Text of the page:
Friday, March 26, 2010

Three Isms (3/3)

Finally, saint-and-aintism involves the reflexive mental process of separating friend and foe, black and white, good and evil. Practitioners of this ism relegate other political views that diverge from theirs even in the slightest to the nether region where ignorant and evil people, you and me that is, gnash their teeth. Contrariwise, partisans hold up their leader, except in rare moments, as virtually without flaws, or at least they transform these flaws—moral transgressions or lack of judgment—somehow into virtues, like a medieval vicar officiating transubstantiation during Mass. To be sure, saint-and-aintism intensifies during election season. Similarly, systems engineer Barbara Oakley describes in her book Evil Genes the Machiavellian personality: “each party’s followers can’t help but reassure themselves that their candidate and party couldn’t possibly be Machiavellian, aside, perhaps, from a cursory jot and tiddle. Or perhaps they suspect ‘their guy’ has some Machiavellian traits, but they believe the end justifies the means.” We expect editorialists and campaign managers to offer only one view as the gospel. It can be particularly aggravating, however, when you’re trying to have a conversation with someone and they kick into high saint-and-aint gear.

Seeing the world in such Manichaean terms is not the preserve of religious fundamentalists whose conception of Heilsgeschichte populates the earth with the Elect and the Reprobate awaiting a Judgment Day. I suppose we’re talking essentially about an “us and them” mentality. This secular winnowing of the wheat and the chaff takes on religious tones and evinces the same kind of puritanical intolerance of the Other one readily finds in the annals of theological dogma. A case in point would be our American heritage, which in the hands of painters and poets throughout the last two centuries became saturated in theological imagery. We have our martyrs and saints, St. Abraham and St. George, and their respective shrines. We have our infallible Bible, the U.S. Constitution, which like the former needs some exegetical tweaking and “clarification” once in a while to fit current cultural contexts. We have our reprobates in this unfolding epic of redemption: Pennsylvania Congressman John Dickinson who did not see the light, King George III who massacred the innocents, and Judas-like Benedict Arnold who betrayed manifest destiny, to name a few. In this context I also think of the columnist Christopher Hitchens, who, in his iconoclastic and provocative book, God is Not Great: How Religion Poisons Everything, attempts to identify with the disconsolate reader, whose traditional faith he has sought to undermine, by relating his own disillusionment with Marxism. Dialectical materialism had no use for God or a spiritual realm, but “it most certainly had its martyrs and saints and doctrinaires and (after a while) its mutually excommunicating rival papacies…its schisms and inquisitions and heresy hunts.”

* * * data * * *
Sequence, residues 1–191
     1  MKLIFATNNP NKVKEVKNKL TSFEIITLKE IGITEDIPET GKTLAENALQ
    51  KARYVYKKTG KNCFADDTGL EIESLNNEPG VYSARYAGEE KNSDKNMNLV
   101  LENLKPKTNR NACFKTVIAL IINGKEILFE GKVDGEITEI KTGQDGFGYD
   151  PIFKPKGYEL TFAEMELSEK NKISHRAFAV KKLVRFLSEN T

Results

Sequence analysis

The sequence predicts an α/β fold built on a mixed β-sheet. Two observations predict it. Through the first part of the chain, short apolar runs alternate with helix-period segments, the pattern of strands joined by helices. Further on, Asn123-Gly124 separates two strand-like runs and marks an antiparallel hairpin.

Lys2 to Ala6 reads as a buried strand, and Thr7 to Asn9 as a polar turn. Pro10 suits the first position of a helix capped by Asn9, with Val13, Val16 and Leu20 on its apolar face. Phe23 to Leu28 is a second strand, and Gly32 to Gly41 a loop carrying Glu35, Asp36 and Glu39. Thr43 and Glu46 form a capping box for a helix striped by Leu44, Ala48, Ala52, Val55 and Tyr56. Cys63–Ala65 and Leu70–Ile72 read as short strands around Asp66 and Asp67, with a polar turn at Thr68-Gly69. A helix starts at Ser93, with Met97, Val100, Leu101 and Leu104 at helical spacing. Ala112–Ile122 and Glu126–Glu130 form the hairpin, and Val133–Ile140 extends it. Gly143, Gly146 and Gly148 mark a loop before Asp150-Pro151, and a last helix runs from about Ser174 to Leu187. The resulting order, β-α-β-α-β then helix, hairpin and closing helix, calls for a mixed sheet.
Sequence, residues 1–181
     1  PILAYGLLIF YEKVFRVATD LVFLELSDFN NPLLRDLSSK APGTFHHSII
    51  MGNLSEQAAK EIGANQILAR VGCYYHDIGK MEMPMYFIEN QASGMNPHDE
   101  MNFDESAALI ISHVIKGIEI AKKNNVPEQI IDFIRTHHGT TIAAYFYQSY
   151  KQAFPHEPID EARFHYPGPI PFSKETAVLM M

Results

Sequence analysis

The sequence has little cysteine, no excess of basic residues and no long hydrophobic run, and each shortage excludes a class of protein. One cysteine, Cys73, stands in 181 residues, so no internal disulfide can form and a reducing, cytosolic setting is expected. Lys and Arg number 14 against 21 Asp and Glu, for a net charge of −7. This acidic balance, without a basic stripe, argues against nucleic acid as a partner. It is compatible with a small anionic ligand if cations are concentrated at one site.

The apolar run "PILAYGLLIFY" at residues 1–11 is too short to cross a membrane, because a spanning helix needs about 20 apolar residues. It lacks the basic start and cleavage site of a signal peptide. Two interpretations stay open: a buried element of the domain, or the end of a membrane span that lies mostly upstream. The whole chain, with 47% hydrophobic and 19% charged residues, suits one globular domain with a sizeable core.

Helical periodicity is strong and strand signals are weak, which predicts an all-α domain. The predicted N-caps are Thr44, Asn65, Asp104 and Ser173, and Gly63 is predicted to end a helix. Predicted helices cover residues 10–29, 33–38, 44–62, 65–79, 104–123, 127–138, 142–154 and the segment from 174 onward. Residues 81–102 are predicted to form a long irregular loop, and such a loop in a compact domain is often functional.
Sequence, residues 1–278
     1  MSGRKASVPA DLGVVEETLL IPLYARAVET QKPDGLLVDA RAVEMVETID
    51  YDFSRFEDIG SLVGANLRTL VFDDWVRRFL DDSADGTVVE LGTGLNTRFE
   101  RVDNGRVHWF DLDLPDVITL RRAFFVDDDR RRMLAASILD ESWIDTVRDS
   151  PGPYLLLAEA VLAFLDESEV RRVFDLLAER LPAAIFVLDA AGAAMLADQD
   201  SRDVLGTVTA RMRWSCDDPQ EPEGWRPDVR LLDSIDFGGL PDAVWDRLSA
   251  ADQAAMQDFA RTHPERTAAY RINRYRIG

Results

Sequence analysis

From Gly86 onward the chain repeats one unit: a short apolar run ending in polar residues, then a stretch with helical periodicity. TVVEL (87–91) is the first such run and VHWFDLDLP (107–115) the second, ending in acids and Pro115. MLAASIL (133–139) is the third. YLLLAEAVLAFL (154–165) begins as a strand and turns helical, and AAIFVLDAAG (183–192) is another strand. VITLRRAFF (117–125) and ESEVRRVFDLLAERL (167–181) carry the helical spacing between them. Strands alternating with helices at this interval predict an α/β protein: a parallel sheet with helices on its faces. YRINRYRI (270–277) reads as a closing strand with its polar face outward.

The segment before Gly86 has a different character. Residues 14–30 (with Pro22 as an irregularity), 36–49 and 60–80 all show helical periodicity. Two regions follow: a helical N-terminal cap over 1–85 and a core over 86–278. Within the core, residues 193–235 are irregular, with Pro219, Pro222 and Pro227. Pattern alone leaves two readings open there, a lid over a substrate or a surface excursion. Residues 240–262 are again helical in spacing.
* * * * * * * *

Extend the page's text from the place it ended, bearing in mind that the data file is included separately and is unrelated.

I submit to you that every individual, consciously or not, processes information into two categories: the reprobate who are either misguided or evil, on the one hand, and the enlightened ones who share, vindicate or heroically affirm the saint-and-ainter’s own viewpoint, on the other. This mental calculus is oftentimes more semi-conscious than fully cognizant. To keep the metaphor, the right hand often doesn’t know what the left hand is doing. The problem with this sort of thinking is that, generally speaking, if we see no redeeming qualities in a person, viewpoint, or ideology, it’s a telltale sign that we are allowing passions and partisanship to becloud our thinking. Reversely, refusal to concede blemishes in our spokesperson or candidate because we fear such a concession would be a crack in our armor or because we are temporarily caught up in fanatical devotion is an unenlightened (but not unnatural) position to take.

It doesn’t take long to identify a saint-and-ainter. They usually have a compulsion to let their views be known more than most people. They’re the type with the bumper stickers—a passive-aggressive form of proselytization. Though they’ll say otherwise, of course, the truth is that they cannot handle living in a pluralistic society wherein diverse opinions are supposed to coexist. They are accustomed to being in the company of almost-exclusively like-minded friends and acquaintances, and they have little experience in discussing or interacting socially with those who share divergent, led alone, contrary political or religious views. Take for instance the old guy at the locker room the other day whom I overheard blurt out, “Finally we’re gonna get rid of those Clinton sleazebags!”